John Smith (1781 – 22 July 1852) was a Scottish architect. His career started in 1805 and he was appointed as the official city architect of Aberdeen in 1807, the first person to hold that post. Together with Archibald Simpson, he contributed significantly to the architecture of Aberdeen, and many of the granite buildings that led to the city being nicknamed the Granite City, or the Silver City, are attributed to them.
Smith was the son of a successful builder and architect and his own son, William, continued the family tradition by also becoming an architect. After completing his training in London, Smith quickly became established throughout the north-east of Scotland. He secured private commissions to design, renovate or alter numerous country houses, parish churches and castles; his official capacity as city architect ensured he is also credited with several extensive public works. Towards the middle of his career around the 1830s, as his individuality developed he gained the nickname of Tudor Johnny, an indication that his designs were starting to favour a Tudor Gothic styling.
Ancestry and early life
Smith was born in Aberdeen in 1781. His father was William “Sink-em” Smith (d. 1815[a]The Dictionary of Scottish Architects gives a death date of 1812 but Miller states 1815.), also a successful builder and architect. The younger Smith attended Aberdeen Grammar School before serving an apprenticeship as a stonemason in his father’s building firm. He undertook further architectural design training in London, possibly under the tutelage of James Playfair, but as Playfair died in 1794, the offices of Robert Lugar seem more likely. By the end of 1804 Smith had returned to Aberdeen, where construction and development was rapidly evolving.
One of Smith’s first major commissions was to design a town house for the merchant Patrick MilneWealthy Scottish merchant, politician, and landowner; commissioned Aberdeen architects to design two houses. in 1805.[b]There is variation as to the exact year as sources give years varying between 1805 through to 1810. Sited on Union Street, Aberdeen, Crimonmogate was a two-storey “Greek inspired country house” with a five-windowed frontage.[c]Crimonmogate House was the Royal Northern Club from 1874–1955; it was demolished between 1959–1963 (again there are discrepancies in the sources as to the exact year). He is next credited with the design of Footdee, an area within Aberdeen. Consisting of fifty-six but and benScots term describing the architecture of a two-roomed cottage. one-storey thatched houses arranged in two squares, the plans quickly received council approval and construction was completed by 1809. The new housing accommodated residents formerly living in condemned properties beside the harbour; the re-location of these tenants allowed the council to begin initial proceedings for Thomas Telford’s 1824 Aberdeen Harbour improvements, which Smith was also associated with.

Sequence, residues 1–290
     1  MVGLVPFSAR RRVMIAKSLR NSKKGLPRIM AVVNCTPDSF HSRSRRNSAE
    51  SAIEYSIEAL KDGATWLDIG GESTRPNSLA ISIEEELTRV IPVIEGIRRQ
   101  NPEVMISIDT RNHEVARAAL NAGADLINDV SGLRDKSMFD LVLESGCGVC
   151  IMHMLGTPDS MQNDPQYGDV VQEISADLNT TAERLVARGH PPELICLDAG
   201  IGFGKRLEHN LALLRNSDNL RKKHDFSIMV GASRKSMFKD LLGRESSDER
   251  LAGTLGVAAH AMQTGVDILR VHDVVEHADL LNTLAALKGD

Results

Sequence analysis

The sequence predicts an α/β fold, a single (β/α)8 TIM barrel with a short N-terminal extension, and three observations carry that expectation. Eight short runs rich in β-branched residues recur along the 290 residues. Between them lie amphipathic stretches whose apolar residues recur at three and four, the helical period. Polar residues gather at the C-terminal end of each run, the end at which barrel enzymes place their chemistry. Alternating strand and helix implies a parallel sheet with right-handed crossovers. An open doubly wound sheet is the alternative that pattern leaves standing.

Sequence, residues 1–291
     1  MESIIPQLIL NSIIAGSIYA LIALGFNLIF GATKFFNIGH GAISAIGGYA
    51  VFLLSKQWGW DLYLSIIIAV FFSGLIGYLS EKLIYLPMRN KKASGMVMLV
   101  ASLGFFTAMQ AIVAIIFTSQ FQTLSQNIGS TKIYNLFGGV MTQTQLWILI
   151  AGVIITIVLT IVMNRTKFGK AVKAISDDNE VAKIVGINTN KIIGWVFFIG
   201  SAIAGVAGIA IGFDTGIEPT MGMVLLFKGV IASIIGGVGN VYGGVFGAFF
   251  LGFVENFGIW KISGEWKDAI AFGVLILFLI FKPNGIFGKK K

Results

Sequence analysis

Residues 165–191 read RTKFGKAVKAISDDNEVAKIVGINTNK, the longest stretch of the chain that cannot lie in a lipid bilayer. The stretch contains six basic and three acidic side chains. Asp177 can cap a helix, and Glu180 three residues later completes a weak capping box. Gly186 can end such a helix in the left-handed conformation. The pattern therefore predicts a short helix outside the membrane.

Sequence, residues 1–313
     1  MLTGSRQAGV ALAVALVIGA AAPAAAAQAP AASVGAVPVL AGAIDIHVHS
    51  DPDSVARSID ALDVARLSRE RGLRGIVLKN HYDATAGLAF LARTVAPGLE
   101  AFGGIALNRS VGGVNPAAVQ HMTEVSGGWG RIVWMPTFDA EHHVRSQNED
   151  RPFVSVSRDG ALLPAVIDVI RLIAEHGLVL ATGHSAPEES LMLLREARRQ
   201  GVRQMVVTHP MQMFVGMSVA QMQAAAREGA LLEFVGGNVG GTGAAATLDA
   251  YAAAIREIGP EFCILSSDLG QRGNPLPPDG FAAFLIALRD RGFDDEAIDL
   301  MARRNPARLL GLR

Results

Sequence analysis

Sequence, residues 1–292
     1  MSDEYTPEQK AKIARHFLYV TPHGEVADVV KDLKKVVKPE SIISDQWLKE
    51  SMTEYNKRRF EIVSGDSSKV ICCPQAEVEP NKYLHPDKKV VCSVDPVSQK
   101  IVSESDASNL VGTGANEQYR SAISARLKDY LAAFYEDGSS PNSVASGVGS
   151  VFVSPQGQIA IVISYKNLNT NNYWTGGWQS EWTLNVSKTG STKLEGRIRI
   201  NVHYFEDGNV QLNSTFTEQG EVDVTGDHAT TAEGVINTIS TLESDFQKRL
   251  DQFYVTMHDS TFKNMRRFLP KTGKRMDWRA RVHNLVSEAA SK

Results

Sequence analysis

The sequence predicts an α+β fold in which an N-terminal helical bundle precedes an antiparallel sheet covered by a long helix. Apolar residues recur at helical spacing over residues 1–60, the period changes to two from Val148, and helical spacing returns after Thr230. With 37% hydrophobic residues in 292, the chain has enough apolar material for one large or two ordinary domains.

Smith was appointed as the official architect for Aberdeen in 1807. He is credited with compiling the first map showing a correct outline of Aberdeen city in 1810 indicating present and planned improvements.
Archibald Simpson returned to Aberdeen in 1813, establishing a business competing with Smith. Both firms were successful despite uncertainties due to the War and their careers were described by Miller as “destined to run remarkably parallel”. Although at times rivals, Smith often collaborated with Simpson and between these two men their buildings became the nucleus of establishing the style of the heart of the Aberdeen city centre.[d]The note in the Historic Scotland list reads: “John Smith was the city architect of Aberdeen and along with Archibald Simpson, was largely responsible for the classicizing of Aberdeen city centre.” As the buildings were constructed from silver granite, the city gained the name of the Silver City or alternatively the Granite City.
Smith became known as “Tudor Johnny” as his later designs around the 1830s, particularly for mansions and churches, incorporated a Tudor-Gothic form. However, his civic designs in Aberdeen city remained in a neo-classical style.
Miller designates Smith’s design for the North Church in Aberdeen as “generally considered to be his greatest building” and further states “Undisputedly by far the finest neoclassical church in the City of Aberdeen.” Sited on the corner of Queen Street and King Street the design gained approval from the Town Council in September 1828. The church opened in June 1831 but it was years later before sufficient funding was available to install clocks. A Greek Revival style was used in the construction of the 120 feet (37 m) by 62 feet (19 m) rectangular building with a circular pepper pot tower set upon a two-stage box tower. It was the tallest building in Aberdeen until its height was surpassed by the spire of the Triple Kirk designed by Simpson. Suitable to seat 1600 at services, congregation numbers declined and the church closed in 1954. It was used as the Aberdeen Arts Centre from the early 1960s.